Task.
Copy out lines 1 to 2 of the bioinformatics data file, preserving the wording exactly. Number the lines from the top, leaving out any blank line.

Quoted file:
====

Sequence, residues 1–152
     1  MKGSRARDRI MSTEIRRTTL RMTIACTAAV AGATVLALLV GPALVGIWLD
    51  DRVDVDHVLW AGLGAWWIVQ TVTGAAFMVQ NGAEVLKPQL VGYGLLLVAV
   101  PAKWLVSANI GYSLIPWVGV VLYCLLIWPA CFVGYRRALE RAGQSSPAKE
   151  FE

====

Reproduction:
Sequence, residues 1–152
     1  MKGSRARDRI MSTEIRRTTL RMTIACTAAV AGATVLALLV GPALVGIWLD